These past few months I conducted a global study in collaboration with SSI (fieldwork & research) and No Problem! (translations). The object of the study was to look into new consumer trends regarding customer service in a digital world. The most striking conclusion was that the average consumer is becoming a genuine do-it-yourselfer. Both before, during and after the purchase, the modern consumer wants to stay in control as much as possible.
If this trend continues, customer service may shift from a personal to an automated world. If so, one could wonder if such a world will still have a need for webcare. Many companies are struggling with the large influx of tweets and Facebook messages. They have no long-term vision of how to deal efficiently with the sharp increase of questions on social media. Well, considering the results of our study, one might think it’s really not all that important anymore.
This concerns just 2% of consumers
We asked people what channels they use to contact companies when they have a question, both before and after a purchase. The two most popular channels are the telephone and self-service. What’s more, self-service is already the number one choice in every phase.
Only 2% of consumers today prefer to ask questions via social media. This is a very small group indeed.
We can formulate several hypotheses to explain this result:
- Many questions are personal and consumers have no desire to discuss them on a public platform
- Only a limited group of people ask questions or complain on social media and in the future they will turn to other channels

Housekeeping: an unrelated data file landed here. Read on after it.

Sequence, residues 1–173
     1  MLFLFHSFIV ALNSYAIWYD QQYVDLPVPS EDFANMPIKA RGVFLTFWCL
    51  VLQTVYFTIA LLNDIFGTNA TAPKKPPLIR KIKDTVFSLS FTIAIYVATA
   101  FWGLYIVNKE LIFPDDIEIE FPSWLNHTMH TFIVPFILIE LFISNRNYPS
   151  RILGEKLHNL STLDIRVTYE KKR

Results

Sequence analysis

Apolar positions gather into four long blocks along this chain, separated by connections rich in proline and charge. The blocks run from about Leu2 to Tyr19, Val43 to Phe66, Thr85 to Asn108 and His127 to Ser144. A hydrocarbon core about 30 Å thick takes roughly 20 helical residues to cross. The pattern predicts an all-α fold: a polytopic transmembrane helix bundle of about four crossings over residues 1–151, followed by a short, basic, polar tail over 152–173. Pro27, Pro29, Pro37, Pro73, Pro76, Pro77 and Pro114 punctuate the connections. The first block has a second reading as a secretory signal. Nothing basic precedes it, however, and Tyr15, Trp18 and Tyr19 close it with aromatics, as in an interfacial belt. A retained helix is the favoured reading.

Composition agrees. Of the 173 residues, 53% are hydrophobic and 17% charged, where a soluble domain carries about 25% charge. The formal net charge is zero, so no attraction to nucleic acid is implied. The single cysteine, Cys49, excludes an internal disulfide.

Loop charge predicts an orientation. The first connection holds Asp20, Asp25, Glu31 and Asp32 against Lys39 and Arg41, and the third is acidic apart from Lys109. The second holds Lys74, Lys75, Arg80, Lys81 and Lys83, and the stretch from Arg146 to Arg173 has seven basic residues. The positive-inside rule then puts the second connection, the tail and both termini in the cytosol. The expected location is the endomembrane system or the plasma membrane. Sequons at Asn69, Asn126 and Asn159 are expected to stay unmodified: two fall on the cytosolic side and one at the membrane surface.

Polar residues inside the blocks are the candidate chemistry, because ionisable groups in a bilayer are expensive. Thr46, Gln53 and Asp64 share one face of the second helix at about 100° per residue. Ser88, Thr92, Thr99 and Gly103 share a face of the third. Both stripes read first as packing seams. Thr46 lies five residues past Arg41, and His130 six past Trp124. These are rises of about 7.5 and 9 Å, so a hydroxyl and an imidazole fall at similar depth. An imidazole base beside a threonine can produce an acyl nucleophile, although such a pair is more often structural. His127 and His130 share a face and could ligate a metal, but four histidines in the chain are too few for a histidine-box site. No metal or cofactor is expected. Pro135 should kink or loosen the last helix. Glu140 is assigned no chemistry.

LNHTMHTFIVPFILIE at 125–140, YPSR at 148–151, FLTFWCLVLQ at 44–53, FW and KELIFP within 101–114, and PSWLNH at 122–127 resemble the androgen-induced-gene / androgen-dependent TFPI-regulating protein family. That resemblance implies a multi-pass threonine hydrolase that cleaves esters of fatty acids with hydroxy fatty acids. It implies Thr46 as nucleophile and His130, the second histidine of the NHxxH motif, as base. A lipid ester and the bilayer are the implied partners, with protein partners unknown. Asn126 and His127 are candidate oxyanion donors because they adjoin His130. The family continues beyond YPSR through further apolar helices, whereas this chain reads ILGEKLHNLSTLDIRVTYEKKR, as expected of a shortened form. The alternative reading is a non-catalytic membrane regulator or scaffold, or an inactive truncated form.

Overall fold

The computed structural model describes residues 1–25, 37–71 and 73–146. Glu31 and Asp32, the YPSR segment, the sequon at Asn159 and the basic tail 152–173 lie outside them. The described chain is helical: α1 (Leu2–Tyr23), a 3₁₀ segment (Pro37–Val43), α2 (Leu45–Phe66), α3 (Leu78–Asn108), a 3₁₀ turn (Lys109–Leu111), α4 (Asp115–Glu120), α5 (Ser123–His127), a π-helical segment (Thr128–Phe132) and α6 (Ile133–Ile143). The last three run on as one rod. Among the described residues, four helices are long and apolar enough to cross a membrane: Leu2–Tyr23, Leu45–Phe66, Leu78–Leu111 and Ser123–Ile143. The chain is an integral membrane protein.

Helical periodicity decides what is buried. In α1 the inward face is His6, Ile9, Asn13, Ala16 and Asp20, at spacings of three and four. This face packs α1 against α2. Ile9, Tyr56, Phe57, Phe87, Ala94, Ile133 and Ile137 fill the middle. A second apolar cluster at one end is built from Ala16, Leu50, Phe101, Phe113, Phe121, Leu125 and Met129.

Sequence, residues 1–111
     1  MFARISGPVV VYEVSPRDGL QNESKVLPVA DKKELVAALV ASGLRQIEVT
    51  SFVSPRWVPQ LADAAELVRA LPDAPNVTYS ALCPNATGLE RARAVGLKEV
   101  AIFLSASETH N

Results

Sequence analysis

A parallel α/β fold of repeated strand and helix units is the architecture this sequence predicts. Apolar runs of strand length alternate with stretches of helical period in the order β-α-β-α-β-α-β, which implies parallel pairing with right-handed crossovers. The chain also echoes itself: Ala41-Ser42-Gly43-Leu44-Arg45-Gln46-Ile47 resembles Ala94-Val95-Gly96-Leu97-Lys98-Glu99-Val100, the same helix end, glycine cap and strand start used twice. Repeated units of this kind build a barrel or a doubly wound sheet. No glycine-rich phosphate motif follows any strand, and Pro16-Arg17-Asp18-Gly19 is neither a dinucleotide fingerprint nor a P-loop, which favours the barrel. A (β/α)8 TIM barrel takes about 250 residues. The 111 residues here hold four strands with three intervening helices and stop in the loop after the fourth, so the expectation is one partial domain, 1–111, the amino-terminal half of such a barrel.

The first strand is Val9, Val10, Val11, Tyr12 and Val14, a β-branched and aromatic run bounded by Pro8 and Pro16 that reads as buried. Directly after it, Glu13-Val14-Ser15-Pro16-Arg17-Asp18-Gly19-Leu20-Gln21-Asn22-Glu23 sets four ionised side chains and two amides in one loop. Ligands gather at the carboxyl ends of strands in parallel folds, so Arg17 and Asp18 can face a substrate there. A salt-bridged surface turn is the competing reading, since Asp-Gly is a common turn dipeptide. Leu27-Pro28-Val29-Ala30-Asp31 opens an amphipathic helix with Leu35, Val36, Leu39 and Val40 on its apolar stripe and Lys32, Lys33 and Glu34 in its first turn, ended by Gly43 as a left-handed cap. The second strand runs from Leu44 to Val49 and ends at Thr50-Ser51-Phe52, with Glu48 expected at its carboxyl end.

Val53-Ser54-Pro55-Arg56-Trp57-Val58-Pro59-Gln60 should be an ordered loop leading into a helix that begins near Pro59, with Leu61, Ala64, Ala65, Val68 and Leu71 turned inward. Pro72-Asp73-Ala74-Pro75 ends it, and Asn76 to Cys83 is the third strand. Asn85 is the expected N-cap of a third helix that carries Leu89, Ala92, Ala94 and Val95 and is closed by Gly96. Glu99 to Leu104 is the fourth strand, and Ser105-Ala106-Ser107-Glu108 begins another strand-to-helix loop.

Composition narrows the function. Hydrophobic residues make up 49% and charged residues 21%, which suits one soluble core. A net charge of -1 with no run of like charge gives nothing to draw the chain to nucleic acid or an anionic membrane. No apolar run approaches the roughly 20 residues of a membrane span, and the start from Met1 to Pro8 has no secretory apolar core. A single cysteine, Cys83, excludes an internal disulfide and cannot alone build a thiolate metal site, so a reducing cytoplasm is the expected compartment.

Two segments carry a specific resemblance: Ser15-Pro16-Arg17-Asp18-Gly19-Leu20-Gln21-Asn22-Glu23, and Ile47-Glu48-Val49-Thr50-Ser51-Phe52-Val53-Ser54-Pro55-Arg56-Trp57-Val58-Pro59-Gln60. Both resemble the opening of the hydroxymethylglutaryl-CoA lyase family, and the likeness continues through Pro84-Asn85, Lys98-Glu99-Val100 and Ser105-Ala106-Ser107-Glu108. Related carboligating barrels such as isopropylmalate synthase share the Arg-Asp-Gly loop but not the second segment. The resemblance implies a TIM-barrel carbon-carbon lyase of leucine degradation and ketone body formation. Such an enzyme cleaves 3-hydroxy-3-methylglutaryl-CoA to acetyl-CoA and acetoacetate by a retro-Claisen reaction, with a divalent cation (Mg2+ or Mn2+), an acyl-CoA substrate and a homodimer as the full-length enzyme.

- This could just be the beginning, maybe there will be more questions in the future
My gut feeling tells me that the first explanation is key. The same trend is emerging all across the globe: a very small group of people prefers social media whereas the vast majority opt for self-service.
Actually, as a company, that’s the way I would hope the trend is going. After all, self-service offers huge efficiency advantages that answering questions on social media can never provide.
Naturally digital customer service remains important
The danger of this result lies in the fact that the opponents of digital customer service will get up and claim that investments in webcare are no longer necessary. Why invest in 2% of consumers?
This is, of course, the wrong conclusion. One percent may be a small percentage, but in actual numbers this still represents a large group of people. These consumers often have a slightly different profile than the average consumer. Someone who asks questions on social media has an open, direct personality and may also be loud in the offline world.
The indirect impact of social media is always bigger than the direct effect
The 2% are really raising their voice today. Just look at how KLM’s good work on Twitter and Facebook has given their reputation a boost. The online news spread offline and this had a positive effect on KLM’s reputation. In the future, companies that don’t offer online customer care will suffer indirect damage to their reputation. Indeed, the online news moves offline and when all of a sudden it’s reported in the mass media, the company is put in a bad light. The opposite creates a positive spiral.
In the end, online customer care may well turn into a digital commodity. Offering this service online is normal but it no longer improves your company image; not offering this service is totally unacceptable.
- The investment in webcare is for a small group of customers
- Naturally we are making this investment for those people, but also for the indirect impact it has on our reputation
- In the future, companies will invest in a super-efficient self-service system that will not only boost customer satisfaction but the company’s efficiency as well
Download the full study
Click here to view the full study and download it free of charge. Please feel free to let me know how you see the role of webcare in the future in light of these conclusions.
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